The Northern San Francisco Bay Area (hereafter ``North Bay'') is sliced by three major right-lateral strike-slip faults: the northern San Andreas Fault (SAF), the Rodgers Creek Fault (RCF) and the Green Valley Fault (GVF). The RCF represents the North Bay continuation of the Hayward Fault Zone, and the GVF is the northern extension of the Concord Fault. North of the juncture with the San Gregorio Fault, geodetic and geologic data suggest a SAF slip rate of 20-25 (d'Alessio et al, 2007, Lisowski et al., 1991). Geodetically determined slip rates range from (d'Alessio et al., 2007) to (Freymueller et al., 1999). The remainder of the 40 of Pacific plate to Sierra Nevada Great Valley microplate motion is primarily accomodated by the RCF and the GVF.
Earthquake cycle deformation is commonly modeled assuming lateraly homogeneous elastic properties in the Earth's crust. First-order variations in rock elastic strength both across and within fault zones can, however, strongly impact inferences of fault slip parameters and earthquake rupture characteristics. Near Point Reyes, the SAF separates two different geologic terranes. On the east side of the fault is the Franciscan Complex, made of a mixture of Mesozoic oceanic crustal rocks and sediments, which were accreted onto the North American continent during subduction of the Farallon plate. On the west side of the SAF is the Salinian terrane, which is composed of Cretaceous granitic and metamorphic rocks, overlain by Tertiary sedimentary rocks and Quaternary fluvial terrasses. Prescott and Yu (1986) and Lisowski et al (1991) describe an asymmetric pattern along a geodetically measured surface velocity profile across to SAF at Point Reyes, which can be explained by higher rigidities to the SW of the fault. Le Pichon et al., 2005, also describes an asymmetric pattern further north along the SAF, at Point Arena, but not at Point Reyes. Chen & Freymueller, 2002, rely on near-fault strain rates determined from trilateration and GPS measurements to infer a --wide near-fault compliant zone (with 50% reduced rigidity) near Bodega Bay and Tomales Bay. Here we use densily spaced GPS velocities across the SAF to evaluate changes in elastic properties and within the SAF zone.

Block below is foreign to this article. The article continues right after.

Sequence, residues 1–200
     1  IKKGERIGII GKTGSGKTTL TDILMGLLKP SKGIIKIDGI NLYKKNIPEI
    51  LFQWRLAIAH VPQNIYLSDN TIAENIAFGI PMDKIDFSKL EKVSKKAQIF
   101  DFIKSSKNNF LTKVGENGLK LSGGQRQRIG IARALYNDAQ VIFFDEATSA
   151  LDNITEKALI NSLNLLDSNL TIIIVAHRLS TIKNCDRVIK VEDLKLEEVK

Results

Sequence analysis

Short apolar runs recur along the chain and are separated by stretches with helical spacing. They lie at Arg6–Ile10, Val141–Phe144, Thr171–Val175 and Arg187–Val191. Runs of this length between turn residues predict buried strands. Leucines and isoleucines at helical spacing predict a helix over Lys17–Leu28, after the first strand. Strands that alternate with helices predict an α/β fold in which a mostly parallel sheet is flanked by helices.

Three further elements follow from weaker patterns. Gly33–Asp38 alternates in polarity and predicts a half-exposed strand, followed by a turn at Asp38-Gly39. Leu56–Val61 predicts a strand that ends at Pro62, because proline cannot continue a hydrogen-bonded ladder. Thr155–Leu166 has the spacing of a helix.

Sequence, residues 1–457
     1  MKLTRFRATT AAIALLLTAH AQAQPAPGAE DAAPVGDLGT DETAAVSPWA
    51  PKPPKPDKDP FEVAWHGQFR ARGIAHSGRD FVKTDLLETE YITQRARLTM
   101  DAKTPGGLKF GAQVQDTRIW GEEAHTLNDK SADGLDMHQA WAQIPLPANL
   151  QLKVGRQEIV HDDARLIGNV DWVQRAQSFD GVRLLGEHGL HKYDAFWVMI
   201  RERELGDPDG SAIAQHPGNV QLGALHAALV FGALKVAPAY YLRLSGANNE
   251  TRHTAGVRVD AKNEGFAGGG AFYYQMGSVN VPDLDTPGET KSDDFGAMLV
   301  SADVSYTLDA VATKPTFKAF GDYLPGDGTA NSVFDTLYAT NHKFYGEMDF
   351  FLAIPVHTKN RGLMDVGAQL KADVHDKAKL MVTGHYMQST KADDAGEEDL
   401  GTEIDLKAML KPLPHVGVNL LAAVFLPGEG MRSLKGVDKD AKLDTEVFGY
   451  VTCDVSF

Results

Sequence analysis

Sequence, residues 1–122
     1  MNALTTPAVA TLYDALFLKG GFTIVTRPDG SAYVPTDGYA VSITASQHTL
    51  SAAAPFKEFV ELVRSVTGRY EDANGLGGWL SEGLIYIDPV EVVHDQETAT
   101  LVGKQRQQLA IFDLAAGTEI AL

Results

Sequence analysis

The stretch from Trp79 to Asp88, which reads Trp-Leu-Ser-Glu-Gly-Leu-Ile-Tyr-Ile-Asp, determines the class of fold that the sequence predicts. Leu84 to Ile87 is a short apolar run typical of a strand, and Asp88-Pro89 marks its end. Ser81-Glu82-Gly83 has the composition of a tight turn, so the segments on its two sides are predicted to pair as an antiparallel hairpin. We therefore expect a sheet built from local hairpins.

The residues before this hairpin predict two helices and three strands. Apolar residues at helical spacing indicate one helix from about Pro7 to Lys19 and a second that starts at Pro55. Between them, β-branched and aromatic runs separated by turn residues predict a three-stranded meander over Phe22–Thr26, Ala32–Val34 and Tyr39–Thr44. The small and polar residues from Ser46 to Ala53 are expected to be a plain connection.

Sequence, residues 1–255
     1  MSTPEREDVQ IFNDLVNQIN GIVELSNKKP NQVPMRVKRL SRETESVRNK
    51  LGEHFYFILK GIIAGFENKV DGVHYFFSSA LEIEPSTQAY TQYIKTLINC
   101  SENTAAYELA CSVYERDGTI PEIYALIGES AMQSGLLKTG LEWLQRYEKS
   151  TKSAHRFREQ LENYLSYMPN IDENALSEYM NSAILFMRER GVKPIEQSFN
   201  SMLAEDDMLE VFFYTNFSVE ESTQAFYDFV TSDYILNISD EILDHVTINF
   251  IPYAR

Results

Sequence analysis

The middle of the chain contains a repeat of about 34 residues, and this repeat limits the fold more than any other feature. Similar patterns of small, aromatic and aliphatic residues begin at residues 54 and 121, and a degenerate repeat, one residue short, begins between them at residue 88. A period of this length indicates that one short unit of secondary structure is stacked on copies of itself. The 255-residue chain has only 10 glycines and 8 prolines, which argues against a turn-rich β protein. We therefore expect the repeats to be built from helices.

The classic way to interpret a GPS-derived velocity profile across a strike-slip fault is, assuming that the movement is only horizontal, to use the screw dislocation model (Savage and Burford, 1973):
Where is the predicted fault-parallel velocity of a surface point at distance from the fault and is the far field velocity. is also the slip rate on the dislocation below the locking depth . This model assumes an infinite dislocation burried in a semi-infinite elastic medium. Next we consider laterally heterogeneous models that account for variation of elastic properties across and within the fault zone.
We first consider the model developed by Le Pichon et al., 2005, where the fault separates two elastic media, with different Young's modulus and . They consequently use a rigidity ratio, , in the following equations:
Where is again the velocity at a distance y from the fault, is the far field velocity, the locking depth, and
is the asymmetry ratio.
We also evaluate the deep Compliant Fault Zone Model (CFZM) developed in Chen & Freymueller, 2002, following Rybicki and Kasahara, 1977. A low rigidity fault zone is introduced between two elastic blocks (Figure 2.19).